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Lyr Add: North of America

Q (Frank Staplin) 22 Nov 09 - 07:46 PM
GUEST,hg 22 Nov 09 - 08:31 PM
Q (Frank Staplin) 23 Nov 09 - 12:33 PM
Q (Frank Staplin) 24 Nov 09 - 04:41 PM
Joe Offer 24 Nov 09 - 05:10 PM
Jim Dixon 25 Nov 09 - 06:33 PM
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Subject: Lyr Add: NORTH OF AMERICA
From: Q (Frank Staplin)
Date: 22 Nov 09 - 07:46 PM

Lyr. Add: North of America

As we sailed out of Glasgow, being in the month of June,
The weather it was warm, and the trees were in full bloom,
Where thousands from the city came flocking us all round,
And fifty pretty maidens to convey us through the town.
Then up spoke pretty Polly, I have one more thing to say,
Dear Captain, don't be cruel, but guard us o'er the main,
Our Captain answered with a frown, and said we must all stay on shore,
Our ship she is heavy loaded, and she cannot carry any more.
Then amongst those wild Indians we will venture our sweet lives,
We will never mind their tomahawks, nor yet their scalping knives,
We will cut and slash with our broad-swords and show them British play,
We will cut down those wild Indians in the North of America.
As we marched through fields of blood, where thundering cannons roar,
And many a brave commander lay bleeding in his gore,
And many a brave soldier all on the ground did lay,
For they were killed and wounded in the north of America.
It was early the next morning to hear the soldiers wives,
Lamenting for their husbands, for to hear their dismal cries,
Our children crying out, 'Mother, we will make them rue the day,
For killing of our daddies in the north of America.
So to conclude and finish, God bless our gracious queen,
And all her brave commanders glad tidings may they bring,
And to all her brave soldiers, on land as well as sea,
May heaven protect our army in the north of America.

Any other versions of this rather mixed up song? The queen has to be Victoria, but the descriptions sound more like the French and Indian wars are meant.

Bodleian Collection, Firth c.14(199); Hodges (from Pitt's), London, c. 1846-1854.

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Subject: RE: Lyr Add: North of America
From: GUEST,hg
Date: 22 Nov 09 - 08:31 PM


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Subject: RE: Lyr Add: North of America
From: Q (Frank Staplin)
Date: 23 Nov 09 - 12:33 PM

hg- The song sheets often cited no tune; lyrics were composed for the printers, for a few shillings. Some acquired music later or were fit to a well-known tune.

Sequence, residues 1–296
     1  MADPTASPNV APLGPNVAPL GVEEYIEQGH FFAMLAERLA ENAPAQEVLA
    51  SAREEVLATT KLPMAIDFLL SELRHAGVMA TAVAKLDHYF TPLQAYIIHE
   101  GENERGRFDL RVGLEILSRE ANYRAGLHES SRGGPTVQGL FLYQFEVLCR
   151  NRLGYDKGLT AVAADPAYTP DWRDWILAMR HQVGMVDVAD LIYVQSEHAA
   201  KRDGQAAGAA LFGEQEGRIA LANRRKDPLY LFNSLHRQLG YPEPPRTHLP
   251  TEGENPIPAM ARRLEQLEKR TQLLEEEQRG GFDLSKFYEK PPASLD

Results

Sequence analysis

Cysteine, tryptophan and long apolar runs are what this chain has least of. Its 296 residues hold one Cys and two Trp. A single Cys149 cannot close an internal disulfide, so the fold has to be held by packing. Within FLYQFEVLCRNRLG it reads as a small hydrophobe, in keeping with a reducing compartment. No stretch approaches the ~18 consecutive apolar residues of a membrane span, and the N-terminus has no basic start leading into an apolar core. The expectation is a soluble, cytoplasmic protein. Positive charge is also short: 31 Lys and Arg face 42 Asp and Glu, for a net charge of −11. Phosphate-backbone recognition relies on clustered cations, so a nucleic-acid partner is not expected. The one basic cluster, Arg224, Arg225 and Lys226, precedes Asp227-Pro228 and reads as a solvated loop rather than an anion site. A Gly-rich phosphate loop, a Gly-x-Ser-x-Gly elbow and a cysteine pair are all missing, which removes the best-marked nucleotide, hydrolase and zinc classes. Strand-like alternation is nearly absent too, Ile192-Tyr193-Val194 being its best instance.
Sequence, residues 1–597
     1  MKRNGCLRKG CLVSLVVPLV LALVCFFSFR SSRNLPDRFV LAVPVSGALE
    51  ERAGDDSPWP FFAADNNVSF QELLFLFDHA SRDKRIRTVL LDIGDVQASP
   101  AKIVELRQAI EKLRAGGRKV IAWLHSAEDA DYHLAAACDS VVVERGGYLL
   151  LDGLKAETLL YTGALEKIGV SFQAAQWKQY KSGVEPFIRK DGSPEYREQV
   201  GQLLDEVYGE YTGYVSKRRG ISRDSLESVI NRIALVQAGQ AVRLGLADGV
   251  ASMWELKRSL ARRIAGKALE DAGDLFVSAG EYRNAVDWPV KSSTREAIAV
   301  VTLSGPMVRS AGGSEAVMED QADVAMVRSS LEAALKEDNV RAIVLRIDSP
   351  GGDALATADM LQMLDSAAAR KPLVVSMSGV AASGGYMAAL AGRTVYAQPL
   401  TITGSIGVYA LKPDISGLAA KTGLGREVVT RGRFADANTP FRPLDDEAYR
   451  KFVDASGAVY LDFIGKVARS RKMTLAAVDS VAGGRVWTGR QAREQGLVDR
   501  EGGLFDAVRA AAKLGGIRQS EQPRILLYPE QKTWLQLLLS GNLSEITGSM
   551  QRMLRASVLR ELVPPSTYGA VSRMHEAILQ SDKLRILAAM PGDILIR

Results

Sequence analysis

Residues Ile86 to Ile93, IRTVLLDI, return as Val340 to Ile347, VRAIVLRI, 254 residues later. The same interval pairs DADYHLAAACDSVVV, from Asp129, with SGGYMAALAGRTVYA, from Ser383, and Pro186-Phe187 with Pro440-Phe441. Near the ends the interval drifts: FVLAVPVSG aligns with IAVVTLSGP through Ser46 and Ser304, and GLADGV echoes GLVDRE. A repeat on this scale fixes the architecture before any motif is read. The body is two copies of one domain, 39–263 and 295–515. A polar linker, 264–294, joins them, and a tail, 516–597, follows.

A similar song, "The Gown of Green," printed by Pitts, London, also cites no tune (Mounted on the same sheet, Firth c.14(199)).

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Subject: RE: Lyr Add: North of America
From: Q (Frank Staplin)
Date: 24 Nov 09 - 04:41 PM


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Subject: RE: Lyr Add: North of America
From: Joe Offer
Date: 24 Nov 09 - 05:10 PM

I've wondered whether broadsides were always published with a tune/melody in mind, or if sometimes the expectation was that people would add their own tune or recite the ballad as poetry.
Anybody know?

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Subject: RE: Lyr Add: North of America
From: Jim Dixon
Date: 25 Nov 09 - 06:33 PM

Joe: My guess is, broadsides were probably being sold at the time a song was quite popular, and was being sung in the music halls, and maybe even by the street vendors who sold the broadsides. So people would already know the tune, at least well enough to sing an approximate rendering of it.

When I was a kid, there were fan magazines aimed at teenagers, and sold from magazine racks in grocery stores, drug stores, etc., that printed lyrics of many of the then-current "top 40" songs in addition to articles about the performers. I don't remember the names of these magazines, but I think Tiger Beat is a more recent incarnation of the same genre. (At least I thought they published lyrics but I couldn't find any lyrics at their web site just now. It's been a long time since I actually looked at the magazine.)

Kids nowadays probably turn to the Internet for lyrics, but I'll bet the same demand still exists.

I figure broadsides must have been an earlier way of satisfying that same demand—not that the buyers were necessarily teenagers, but I suppose they might have been.

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